Are you a journalist without any New Year’s resolutions?
Well, if you would like a back-to-basics approach this year, the good folks behind the Canadian Journalism Project (CJP) have come up with a short list of challenges that might interest you.
The list, published on J-Source.ca, is deceptively simple. As they note, it “requires perseverance, integrity and commitment year round.” Each of the five goals is also a link to a relevant article that may serve as a source of inspiration.
- I will admit to my mistakes
- I will promote greater public accountability
- I will not plagiarize
- I will strive for accuracy
- I will defend press freedom
My favourite article is attached to goal #4. It’s called “Teaching accuracy takes more than punishing mistakes.” Here’s an excerpt:
Perhaps this sounds a bit confusing: fear is good, but also bad; mistakes are bad, but also instructive. That’s exactly the point. Teaching accuracy is a multi-faceted process. It’s complicated, and in truth it never really ends. You can’t learn accuracy the way you learn to add and subtract. It’s a process and a combination of learned behaviours, not a matter of memorization or motor memory.
And speaking of resolutions, J-Sources has committed to regularly updating their ethics section this year, which will help guide journalists long after the New Year zeal has worn off.
Meantime, the Toronto Star’s Sarah Millar has posted her own 5-goal list. She has explained each challenge in tight little paragraphs, which I recommend you read in full on the Star’s intern blog. Here are the basic points:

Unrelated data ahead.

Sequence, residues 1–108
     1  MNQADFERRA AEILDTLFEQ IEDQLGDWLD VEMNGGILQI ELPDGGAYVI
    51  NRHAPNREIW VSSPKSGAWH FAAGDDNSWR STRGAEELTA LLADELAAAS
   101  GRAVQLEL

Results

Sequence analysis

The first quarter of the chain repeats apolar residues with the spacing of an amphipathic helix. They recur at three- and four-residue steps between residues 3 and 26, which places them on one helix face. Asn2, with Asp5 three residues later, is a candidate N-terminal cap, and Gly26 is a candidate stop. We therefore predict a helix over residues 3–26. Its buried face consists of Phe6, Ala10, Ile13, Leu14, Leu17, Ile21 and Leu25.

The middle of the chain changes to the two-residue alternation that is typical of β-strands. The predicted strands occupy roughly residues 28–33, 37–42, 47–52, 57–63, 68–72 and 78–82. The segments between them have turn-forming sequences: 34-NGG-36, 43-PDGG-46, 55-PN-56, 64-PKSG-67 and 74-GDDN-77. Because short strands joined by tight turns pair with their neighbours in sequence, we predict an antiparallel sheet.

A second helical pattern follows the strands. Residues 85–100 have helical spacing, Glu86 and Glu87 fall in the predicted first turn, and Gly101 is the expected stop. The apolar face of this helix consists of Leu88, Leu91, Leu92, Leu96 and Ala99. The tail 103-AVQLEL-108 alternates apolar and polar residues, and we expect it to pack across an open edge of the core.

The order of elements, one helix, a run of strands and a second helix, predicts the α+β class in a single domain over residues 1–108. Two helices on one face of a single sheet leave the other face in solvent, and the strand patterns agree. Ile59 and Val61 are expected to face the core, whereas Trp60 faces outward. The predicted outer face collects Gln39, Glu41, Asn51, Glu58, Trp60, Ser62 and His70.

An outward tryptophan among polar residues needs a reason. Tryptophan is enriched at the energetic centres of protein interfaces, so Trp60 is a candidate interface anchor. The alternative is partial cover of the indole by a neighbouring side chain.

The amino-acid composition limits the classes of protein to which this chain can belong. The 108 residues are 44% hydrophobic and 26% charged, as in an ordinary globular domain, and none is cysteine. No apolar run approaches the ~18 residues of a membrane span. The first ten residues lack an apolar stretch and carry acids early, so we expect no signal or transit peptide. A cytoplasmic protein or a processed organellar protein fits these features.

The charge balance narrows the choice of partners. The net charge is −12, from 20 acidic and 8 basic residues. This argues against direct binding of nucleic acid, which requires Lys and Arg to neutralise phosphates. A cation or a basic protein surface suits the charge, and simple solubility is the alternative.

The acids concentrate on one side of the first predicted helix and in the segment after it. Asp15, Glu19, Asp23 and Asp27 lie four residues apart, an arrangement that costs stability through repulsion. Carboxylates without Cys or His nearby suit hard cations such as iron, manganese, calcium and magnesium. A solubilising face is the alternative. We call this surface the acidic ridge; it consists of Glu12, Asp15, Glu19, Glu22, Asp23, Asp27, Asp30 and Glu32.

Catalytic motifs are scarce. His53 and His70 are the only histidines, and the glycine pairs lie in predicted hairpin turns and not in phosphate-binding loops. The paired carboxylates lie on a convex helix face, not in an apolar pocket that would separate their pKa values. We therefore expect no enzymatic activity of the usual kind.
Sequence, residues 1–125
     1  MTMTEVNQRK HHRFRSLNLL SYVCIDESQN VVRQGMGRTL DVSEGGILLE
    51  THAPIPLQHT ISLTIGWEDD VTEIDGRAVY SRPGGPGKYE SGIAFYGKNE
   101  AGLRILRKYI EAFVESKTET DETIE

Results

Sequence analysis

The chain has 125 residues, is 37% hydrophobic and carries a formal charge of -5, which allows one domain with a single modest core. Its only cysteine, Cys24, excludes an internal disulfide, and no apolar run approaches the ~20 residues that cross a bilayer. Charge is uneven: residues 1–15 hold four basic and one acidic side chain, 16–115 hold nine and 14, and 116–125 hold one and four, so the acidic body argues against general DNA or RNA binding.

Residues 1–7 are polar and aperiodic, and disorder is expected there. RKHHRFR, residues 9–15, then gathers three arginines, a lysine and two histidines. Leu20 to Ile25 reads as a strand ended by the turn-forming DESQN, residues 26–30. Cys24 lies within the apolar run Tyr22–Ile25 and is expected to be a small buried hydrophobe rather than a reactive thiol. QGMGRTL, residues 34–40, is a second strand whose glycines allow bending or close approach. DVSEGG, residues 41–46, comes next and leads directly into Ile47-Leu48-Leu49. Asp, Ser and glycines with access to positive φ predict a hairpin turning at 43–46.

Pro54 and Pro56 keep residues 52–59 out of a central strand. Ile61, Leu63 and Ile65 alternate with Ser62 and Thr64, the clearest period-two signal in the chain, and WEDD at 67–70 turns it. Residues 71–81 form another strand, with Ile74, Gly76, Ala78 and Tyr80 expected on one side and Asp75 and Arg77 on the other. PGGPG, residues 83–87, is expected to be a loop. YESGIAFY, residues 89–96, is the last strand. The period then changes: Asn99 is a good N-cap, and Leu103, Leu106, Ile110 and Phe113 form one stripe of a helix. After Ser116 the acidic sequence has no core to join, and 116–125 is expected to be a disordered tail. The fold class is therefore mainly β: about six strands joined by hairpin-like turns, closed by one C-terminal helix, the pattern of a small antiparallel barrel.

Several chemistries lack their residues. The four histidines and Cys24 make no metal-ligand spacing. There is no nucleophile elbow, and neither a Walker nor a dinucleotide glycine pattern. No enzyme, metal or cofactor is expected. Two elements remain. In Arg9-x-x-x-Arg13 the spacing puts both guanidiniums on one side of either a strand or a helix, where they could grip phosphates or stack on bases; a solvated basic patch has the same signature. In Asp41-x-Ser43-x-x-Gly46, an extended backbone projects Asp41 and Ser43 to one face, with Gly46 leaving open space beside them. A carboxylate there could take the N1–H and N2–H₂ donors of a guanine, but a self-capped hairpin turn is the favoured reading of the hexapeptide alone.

1. You are what you tweet
2. I will spell check before I post
3. I will talk to real people
4. I will find something to do that’s not work
5. I will join the conversation
Maybe I secretly love the number four but Sarah’s fourth point is my favourite on her list. I’ll quote it below, but I should quickly mention that I received similar advice from the Star‘s Roger Gillespie. When I asked him to name an important quality in interns, he said:
“We want journalists who have lives,” and added that he doesn’t like seeing young people camp out at their desks. I agree with him. If all we can do is talk shop, that’s as sad as it is boring.
Sarah’s topical point:
It’s not just journalists bringing their work home with them, people in every profession are finding it hard to leave it behind. A New York Times article from last August said multitasking is causing more journalists to burn out younger than ever before. So in 2011, turn off the BlackBerry and do something outside of the office. It could be joining a sports league, or starting a class in a subject that interests you. Whatever it is, it’s three hours a week that you can make just yours. Three hours where you aren’t on your email and on call. You’ll be a better journalist if you’re refreshed.
So, even though these resolutions may seem very basic, that also means they’re realistic. (Hooray!)
If you’re a journalist, try them out. If you’re a reader, expect no less of your journalists.